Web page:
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  • Hypothetical

    Here is a hypothetical. Let's say you are a Starbucks Barista. And you discovered GTD, read the book and would like to put its principles to work in your job. How do you go about it?

    Well, I know nothing about the job demands for a Starbucks Barista other than what I see from the other side of the counter. I'm sure there is a list of routine tasks that needs to be accomplished. Your actual work is coming in as drinks that need to be made, and they are all deadline tasks because someone is waiting for it. You may be able to batch process some tasks, I don't know.

    I'm aware GTD is really meant for knowledge workers, but I thought this was worth exploring. It is in the implementation, the adaption to your own job's needs that this system makes such a difference.

  • #2
    Do you want to be a barista all your life? If no, then you should have defined projects based on what other outcomes you want to happen in life, and have next actions related to them. It could be learning different things in Starbucks or learning different hings outside of it.

    We are all knowledge workers. Even if our actual job is not, as human beings we are constantly collecting information. GTD is a framework that shous you how to process, organize review, and do something with it, in all aspects of your life.


    • #3

      Very few jobs of that type are 100% customer service. There are periods of time when there are no customers to wait on. In some cases, shifts overlap and the first hour may be a preparation function instead of a customer service function. It's at those times that an @Work list of next actions could come into play.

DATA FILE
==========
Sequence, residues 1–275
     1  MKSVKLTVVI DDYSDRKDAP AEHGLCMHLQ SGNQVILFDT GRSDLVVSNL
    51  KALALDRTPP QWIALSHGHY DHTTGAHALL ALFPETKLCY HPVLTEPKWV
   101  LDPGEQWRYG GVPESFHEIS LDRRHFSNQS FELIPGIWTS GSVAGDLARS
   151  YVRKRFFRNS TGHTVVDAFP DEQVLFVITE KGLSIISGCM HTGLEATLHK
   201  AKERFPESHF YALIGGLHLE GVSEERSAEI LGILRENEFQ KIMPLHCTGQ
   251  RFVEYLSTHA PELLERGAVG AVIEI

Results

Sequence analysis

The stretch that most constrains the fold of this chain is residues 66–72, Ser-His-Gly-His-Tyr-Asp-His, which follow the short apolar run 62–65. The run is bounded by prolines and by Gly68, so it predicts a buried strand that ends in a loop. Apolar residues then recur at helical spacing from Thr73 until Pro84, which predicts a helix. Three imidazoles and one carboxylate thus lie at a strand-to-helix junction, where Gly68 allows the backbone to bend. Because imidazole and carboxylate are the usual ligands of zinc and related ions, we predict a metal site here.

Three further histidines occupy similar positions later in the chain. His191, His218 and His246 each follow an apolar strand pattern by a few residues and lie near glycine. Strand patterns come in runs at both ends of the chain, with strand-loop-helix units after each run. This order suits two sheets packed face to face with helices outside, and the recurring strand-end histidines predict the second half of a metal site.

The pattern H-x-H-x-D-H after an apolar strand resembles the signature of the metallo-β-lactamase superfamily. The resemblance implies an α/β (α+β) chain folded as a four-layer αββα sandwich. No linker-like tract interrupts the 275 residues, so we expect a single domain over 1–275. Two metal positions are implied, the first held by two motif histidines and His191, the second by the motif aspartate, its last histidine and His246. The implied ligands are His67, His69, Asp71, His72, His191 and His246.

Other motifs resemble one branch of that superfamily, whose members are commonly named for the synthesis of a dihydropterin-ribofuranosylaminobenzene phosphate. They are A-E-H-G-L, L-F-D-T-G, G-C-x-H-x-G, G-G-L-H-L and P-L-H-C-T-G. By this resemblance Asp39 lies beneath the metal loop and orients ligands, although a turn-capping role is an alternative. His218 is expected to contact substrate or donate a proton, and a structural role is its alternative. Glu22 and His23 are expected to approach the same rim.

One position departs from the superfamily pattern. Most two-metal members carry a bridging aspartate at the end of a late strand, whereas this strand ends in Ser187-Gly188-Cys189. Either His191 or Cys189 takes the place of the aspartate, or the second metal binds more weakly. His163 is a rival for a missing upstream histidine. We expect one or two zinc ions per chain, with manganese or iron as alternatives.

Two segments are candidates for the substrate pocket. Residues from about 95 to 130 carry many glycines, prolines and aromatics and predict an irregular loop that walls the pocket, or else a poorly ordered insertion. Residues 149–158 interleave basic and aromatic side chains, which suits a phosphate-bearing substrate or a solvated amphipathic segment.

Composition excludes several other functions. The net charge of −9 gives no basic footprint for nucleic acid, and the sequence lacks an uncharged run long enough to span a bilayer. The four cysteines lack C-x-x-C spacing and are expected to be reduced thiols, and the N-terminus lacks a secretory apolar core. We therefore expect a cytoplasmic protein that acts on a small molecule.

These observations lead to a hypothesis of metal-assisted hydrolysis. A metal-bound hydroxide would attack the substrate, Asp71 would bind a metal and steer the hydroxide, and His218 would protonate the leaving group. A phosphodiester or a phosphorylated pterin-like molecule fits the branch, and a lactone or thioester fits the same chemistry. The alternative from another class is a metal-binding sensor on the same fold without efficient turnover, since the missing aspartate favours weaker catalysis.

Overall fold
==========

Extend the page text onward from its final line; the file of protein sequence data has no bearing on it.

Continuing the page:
Keep a spiral notebook close by to capture any "stuff" that occurs during the course of the day ("opened last case of cups 10am", "bank across street training all branch managers next week", "lady in red Camry's backup lights didn't work"). When you have some free time, you would process this "in basket" just as if it was a physical basket. The first two items are < 2 min announcements to the manager or shift supervisor. What would you think of an employee's performance who was able to keep up with things like cups and local activities? What would that semi-regular customer think when her backup lights are brought up the next time she came in, even if it's three days from now (assuming you're the one working that day)?

      As you've probably guessed, I believe it's possible to apply GTD in some fashion just about anywhere. If it can't really be applied on the job, then use it for the rest of what goes on in your life.


      • #4
        ... probably not the regular tasks, but

        For all the "regular" tasks, GTD might not be needed.
        (So no project plans like "make grande latte" for you.)

        But I know from own experience that even the dullest labor has its non-regular projects.

        These often include agendas:
        -Talk about the trash situation.... scheduling?
        - Need new cups, a lot are chipped-customers are complaining.

        Or maybe you can take some notes about preparations or important tasks.
        - extra, extra cleaning of the kitchen on Sat... also see Agenda Leon

        and like eeckberg said, events or other importants, like the bank training all of its managers.
        (This might go into seceral categories spanning several actions)
        - order extra coffee week 34
        - talk about specials for the bank

        @bank manager
        - talk about specials

        As you see, this will work to get you into a productive work-environment.
        You might want to keep those notes on a small notepad (in Germany, this type is called a waiter-notepad, "Kellnerblock") that you can tuck away in a pocket or similar.

        The biggest (and most exciting) part of this would (of course) be the projects that further your career (in Starbucks or out of that company) or your personal development.

        my $ .02